Raspberry Pi Hack Turns The Ultra-Affordable Computer Into An AirPlay Receiver
What can't the Raspberry Pi do? Well, it definitely can operate as an AirPlay receiver for Apple's Wi-Fi audio streaming protocol, it turns out. Cambridge engineering student Jordan Burgess managed to convert one of the $25 open computer into an AirPlay receiver along the lines of Apple's AirPort Express, using open source software, a USB Wi-Fi adapter, SD card, micro USB cable and the Pi itself.
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What can’t the Raspberry Pi do? Well, it definitely can operate as an AirPlay receiver for Apple’s Wi-Fi audio streaming protocol, it turns out. Cambridge engineering student Jordan Burgess managed to convert one of the $25 open computer into an AirPlay receiver along the lines of Apple’s AirPort Express, using open source software, a USB Wi-Fi adapter, SD card, micro USB cable and the Pi itself.

The process for setting up the Pi once you have all the hardware ingredients is fairly simple, especially if you’re comfortable working with Terminal and with the basics of installing an operating system onto the Raspberry Pi. Still, this isn’t for users who aren’t comfortable outside of their computer’s standard GUI. But if you’ve got the time and the skills, you can save a fair amount using this version vs. others. Burgess estimates that the total build cost is around £30 ($48 U.S.), vs. $100 for the Apple TV or AirPort Express. Speakers with the tech built-in also cost well in excess of that on average.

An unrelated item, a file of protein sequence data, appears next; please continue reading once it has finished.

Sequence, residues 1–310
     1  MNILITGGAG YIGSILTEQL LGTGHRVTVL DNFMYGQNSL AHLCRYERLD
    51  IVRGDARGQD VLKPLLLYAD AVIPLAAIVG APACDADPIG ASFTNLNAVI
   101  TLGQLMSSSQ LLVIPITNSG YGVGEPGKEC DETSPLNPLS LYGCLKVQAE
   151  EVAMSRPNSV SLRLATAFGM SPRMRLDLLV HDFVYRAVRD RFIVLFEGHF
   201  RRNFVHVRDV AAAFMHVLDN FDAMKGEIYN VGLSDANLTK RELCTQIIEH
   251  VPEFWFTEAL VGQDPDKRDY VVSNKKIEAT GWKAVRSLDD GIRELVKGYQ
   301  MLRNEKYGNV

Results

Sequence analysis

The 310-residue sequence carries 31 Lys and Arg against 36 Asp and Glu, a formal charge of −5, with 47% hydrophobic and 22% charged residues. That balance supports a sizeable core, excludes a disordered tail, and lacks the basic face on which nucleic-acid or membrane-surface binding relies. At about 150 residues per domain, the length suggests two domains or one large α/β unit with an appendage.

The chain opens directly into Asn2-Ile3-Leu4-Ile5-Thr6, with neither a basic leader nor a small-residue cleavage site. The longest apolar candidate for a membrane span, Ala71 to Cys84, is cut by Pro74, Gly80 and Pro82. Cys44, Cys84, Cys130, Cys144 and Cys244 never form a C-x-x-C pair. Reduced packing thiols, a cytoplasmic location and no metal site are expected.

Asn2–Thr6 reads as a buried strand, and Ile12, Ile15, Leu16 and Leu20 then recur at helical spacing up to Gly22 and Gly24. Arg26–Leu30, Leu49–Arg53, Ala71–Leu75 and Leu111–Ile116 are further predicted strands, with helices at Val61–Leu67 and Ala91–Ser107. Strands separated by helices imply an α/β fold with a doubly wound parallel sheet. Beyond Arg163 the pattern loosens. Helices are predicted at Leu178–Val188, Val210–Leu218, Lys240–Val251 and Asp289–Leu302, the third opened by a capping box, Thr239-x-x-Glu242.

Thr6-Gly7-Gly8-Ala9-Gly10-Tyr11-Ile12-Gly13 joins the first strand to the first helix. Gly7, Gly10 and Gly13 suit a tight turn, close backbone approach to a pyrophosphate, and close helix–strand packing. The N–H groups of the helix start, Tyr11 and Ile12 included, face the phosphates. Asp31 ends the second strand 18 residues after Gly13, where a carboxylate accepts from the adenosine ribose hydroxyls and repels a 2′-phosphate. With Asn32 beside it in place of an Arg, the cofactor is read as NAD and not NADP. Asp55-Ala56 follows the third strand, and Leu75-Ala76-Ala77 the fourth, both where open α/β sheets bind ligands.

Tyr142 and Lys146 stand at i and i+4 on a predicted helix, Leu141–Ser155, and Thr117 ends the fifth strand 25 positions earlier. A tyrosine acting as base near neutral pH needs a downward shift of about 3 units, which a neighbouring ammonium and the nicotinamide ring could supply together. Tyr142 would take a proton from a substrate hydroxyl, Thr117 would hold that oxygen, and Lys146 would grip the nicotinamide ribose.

There are some caveats, however, and the biggest may turn off audio quality enthusiasts hoping to set some of these up and running in their own homes. Burgess notes that the Raspberry Pi lacks a good digital-to-analog converter (DAC), meaning that you’ll get background noise and distortion when you plug the Pi directly into the 3.5mm output of a set of speakers. A USB sound card is a possible fix for this limitation, however, and some home theater receivers act as DACs if you’re using it as a way to add AirPlay functionality cheaply to your existing living or media room setup.

With a few more refinements to help increase audio quality, this could be a cheap way to help wire an entire house for sound, Sonos-style, so long as you’re already committed to using Apple devices and iTunes.


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